China’s largest express delivery firm SF Express has completed its year-long back-door listing in Shenzhen over the past weekend, after being valued at an estimated 44.8 billion yuan and acquired by a listed company. Wang Wei, one of the most low-profile magnates in the country, has volunteered to step into the limelight this time by ringing the bell at the southern city’s local bourse.
SF Express, dubbed the “Fedex of China”, merged with Maanshan Dingtai Rare Earth & New Materials, a public company one month ago, with the latter being renamed as S.F. Express. The combined company now has 4.18 billion shares worth 275.9 billion yuan based on today’s trading price of 66 yuan per share.
Wang Wei, the founder and now the general manager of S.F. Express, holds 64.58 percent of the merged company, and has become the fourth richest man in China according to Forbes Real Time Net Worth as of February 28, 2017 with an estimated net worth of USD 26.2 billion. Since the plan of listing was released, shares of SF Express have been soaring; Wang is even eyed by some analysts to be able to surpass Jack Ma and Wang Jianlin, richest men in China.
“I think what is so impressive about Wang is that his industry is one where there are no short cuts to success. His rise to the top was driven by a great deal of hard work and toil,” Steven Irvine, the founder of Week in China told Sino-US.com. Wang Wei has been profiled in the Hong Kong-based publication’s 2016 edition of China’s Tycoons, a listing of 150 top business leaders in China.
According to Week in China, Wang was born in Shanghai in 1971 and moved to Hong Kong as a child. He founded SF Express in 1993 with around USD 13,000 borrowed from his father, and “started China’s biggest courier firm with just six men and a van—Wang himself included”.
As demand for cross-border express delivery services grew, Wang was among the earliest parallel traders, earning profits by shuttling across the Hong Kong-Shenzhen border. With good timing and hard work, Wang’s company soon filled the market void and gained 70 percent of the express delivery business along the route.
SF Express has gone through ups and downs over the years. It was reported by a Xinhua feature story that in 1999, the entrepreneur had collateralized his personal wealth nine times to buy back equities from his agents when he realized chain stores for direct sales could revitalize his business caught in trouble with bad agents. By 2003, SF Express seized the market opportunity to become the first private courier firm that used chartered airplanes to deliver goods when freight rates dropped.
In 2005, Wang collateralized the entire company to the Bank of China for a USD 550,000 loan to fund SF Express’ expansion, according to Hong Kong’s Next magazine. It was risky but it worked and Wang has never looked back since.
Recent years, China’s booming e-commerce has brought courier companies fat profits and robust development. It is reported by Next magazine that in 2010, Wang acquired a luxury house in Kowloon Tong, a residential area that houses many of Hong Kong’s billionaires. That’s when the Hong Kong media realized the young entrepreneur had made big fortune in his business in mainland China.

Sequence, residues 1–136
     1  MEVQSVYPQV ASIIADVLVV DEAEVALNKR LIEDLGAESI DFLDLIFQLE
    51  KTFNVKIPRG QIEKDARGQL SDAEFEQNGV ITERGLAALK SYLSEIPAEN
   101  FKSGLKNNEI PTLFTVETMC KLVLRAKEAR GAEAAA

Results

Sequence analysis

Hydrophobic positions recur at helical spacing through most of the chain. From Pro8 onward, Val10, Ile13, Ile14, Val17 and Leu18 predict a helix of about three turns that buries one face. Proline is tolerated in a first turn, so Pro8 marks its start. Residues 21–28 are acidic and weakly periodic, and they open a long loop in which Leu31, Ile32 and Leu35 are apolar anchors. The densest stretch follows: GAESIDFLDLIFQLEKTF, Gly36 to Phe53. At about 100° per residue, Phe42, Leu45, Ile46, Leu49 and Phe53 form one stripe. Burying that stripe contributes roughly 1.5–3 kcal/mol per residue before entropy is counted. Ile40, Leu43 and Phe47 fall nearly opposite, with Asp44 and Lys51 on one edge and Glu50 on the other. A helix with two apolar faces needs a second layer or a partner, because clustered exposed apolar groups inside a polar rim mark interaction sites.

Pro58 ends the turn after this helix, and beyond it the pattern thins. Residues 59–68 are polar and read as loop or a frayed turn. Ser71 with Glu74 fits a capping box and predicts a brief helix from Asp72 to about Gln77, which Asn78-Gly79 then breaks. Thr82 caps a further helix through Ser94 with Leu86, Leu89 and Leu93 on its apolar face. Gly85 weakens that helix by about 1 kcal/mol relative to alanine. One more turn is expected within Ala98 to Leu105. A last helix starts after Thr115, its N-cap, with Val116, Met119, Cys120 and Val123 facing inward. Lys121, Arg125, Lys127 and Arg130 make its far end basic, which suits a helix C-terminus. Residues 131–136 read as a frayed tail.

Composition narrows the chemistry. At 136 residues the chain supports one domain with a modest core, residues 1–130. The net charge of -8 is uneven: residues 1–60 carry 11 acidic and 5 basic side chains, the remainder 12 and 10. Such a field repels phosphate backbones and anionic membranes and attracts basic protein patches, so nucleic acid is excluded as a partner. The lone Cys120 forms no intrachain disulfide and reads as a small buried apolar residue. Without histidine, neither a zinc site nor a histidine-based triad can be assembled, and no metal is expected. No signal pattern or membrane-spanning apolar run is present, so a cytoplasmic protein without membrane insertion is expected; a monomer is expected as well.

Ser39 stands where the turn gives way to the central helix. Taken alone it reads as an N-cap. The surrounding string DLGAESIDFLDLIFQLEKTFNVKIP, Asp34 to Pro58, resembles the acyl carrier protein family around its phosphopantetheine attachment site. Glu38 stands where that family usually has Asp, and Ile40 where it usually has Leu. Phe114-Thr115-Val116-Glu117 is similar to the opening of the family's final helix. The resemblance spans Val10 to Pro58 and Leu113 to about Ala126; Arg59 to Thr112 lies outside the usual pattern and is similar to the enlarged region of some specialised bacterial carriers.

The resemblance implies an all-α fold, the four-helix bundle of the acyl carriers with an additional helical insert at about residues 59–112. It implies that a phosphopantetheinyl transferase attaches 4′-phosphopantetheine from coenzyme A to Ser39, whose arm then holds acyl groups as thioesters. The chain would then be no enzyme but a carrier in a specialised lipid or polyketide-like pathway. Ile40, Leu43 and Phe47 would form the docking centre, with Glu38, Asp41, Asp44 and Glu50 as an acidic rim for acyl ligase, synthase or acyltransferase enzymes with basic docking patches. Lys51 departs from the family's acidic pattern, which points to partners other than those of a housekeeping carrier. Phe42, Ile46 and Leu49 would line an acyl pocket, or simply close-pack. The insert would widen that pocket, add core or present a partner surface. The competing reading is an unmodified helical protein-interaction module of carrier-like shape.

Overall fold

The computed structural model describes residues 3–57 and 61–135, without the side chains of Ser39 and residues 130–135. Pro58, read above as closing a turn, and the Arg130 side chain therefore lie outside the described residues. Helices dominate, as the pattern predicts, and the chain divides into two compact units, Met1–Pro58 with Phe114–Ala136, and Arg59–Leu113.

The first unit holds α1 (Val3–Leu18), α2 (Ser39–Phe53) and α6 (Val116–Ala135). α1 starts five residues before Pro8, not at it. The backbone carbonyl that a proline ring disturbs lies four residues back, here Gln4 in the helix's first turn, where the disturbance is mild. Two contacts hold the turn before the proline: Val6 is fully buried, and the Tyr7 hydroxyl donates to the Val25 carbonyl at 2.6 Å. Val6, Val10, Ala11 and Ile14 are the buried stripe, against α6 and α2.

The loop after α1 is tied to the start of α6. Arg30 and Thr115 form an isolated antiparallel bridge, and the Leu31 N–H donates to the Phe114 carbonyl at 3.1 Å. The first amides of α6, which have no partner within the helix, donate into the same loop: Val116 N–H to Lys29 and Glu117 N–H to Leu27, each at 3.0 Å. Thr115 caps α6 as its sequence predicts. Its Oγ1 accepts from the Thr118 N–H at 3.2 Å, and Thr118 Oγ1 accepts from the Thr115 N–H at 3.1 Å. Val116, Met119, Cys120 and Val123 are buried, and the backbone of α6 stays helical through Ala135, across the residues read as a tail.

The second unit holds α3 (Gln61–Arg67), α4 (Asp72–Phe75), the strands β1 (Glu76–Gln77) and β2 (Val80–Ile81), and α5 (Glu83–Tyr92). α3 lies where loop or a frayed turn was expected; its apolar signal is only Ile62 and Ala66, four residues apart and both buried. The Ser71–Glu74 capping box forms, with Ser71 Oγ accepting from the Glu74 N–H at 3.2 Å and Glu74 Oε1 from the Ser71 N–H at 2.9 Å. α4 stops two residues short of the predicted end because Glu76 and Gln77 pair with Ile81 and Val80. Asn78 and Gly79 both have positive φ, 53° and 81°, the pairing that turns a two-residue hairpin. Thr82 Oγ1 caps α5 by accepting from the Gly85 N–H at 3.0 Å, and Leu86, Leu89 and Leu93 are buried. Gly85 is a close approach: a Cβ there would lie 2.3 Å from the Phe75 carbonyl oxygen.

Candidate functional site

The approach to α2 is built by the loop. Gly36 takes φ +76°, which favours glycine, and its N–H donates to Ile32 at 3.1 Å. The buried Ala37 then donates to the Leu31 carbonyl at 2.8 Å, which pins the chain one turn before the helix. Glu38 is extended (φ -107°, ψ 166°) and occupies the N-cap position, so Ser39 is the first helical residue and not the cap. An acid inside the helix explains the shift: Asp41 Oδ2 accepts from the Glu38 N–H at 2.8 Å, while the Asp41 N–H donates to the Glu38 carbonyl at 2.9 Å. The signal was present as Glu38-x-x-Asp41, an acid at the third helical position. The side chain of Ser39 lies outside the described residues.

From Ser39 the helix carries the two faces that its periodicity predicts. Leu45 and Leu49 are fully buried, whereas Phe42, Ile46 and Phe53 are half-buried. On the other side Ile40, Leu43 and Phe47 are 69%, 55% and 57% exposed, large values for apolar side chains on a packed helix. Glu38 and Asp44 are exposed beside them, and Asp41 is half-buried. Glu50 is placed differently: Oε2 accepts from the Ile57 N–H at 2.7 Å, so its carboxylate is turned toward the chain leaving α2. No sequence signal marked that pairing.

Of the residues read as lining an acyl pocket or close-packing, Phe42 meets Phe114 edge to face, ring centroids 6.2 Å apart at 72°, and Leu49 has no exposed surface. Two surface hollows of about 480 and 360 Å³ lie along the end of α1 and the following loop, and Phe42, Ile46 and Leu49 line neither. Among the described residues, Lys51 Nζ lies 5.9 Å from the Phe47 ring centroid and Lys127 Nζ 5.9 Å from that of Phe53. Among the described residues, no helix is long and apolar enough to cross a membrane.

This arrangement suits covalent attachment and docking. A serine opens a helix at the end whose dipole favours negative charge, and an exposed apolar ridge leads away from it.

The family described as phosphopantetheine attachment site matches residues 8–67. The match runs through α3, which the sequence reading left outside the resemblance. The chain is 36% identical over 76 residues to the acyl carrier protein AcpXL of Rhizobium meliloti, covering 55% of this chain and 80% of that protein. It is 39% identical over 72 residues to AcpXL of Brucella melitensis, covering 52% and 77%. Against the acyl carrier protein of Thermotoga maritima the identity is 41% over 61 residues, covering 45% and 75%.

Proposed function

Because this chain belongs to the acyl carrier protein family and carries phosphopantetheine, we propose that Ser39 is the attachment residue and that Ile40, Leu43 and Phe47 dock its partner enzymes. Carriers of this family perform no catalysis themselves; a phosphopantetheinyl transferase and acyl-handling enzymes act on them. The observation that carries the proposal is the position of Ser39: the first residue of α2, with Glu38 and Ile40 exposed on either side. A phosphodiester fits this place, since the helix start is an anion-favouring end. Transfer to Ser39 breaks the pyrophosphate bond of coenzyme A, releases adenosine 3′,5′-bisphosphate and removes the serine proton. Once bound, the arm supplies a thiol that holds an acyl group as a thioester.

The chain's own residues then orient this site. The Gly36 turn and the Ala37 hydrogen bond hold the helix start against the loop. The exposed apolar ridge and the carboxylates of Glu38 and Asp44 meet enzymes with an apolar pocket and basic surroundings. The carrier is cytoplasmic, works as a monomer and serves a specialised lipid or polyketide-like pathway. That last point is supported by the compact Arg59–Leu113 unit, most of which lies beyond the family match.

Some analysts attributed the rise and development of SF Express between 1993 and 2013 to its own profits and bank lending. The courier company is believed to be rich in capital before going public. In 2011, Wang is cited by the media as saying that his company would not go public. However, the industry has boomed in recent years, and with many competitive players sprouting and cutting into the profits of the established one, Wang’s company seems finally charmed by the capital market.
Some industry insiders believe that a pricing war and rising labor cost have forced courier firms to look for funds. With an upbeat market, all the major couriers in China have taken steps toward a listing in the past two years.
In order for its financial book to look good, SF Express is reported to have shed its less profitable ventures while only listing its logistics business. Industry analyst Zhao Xiaomin told jiemian.com that the market and capital seem more attracted to the courier’s primary business, while shareholders may object to using profits from logistics to burn money on the company’s slack development in sectors like business and finance.
The success of SF Express, according to Steven Irvine, was achieved through building a logistics organization that combined great reliability with stringent cost control, while good timing enables his business to be greatly boosted by the rise of e-commerce in China.
“Thanks to his ambition, vision and execution abilities, he created a nationwide industry leader and a multi-billion dollar business by the time he was in his early 40s,” Irvine told Sino-US.com, “To do that from scratch is one of the classic entrepreneurial success stories that defines modern China.”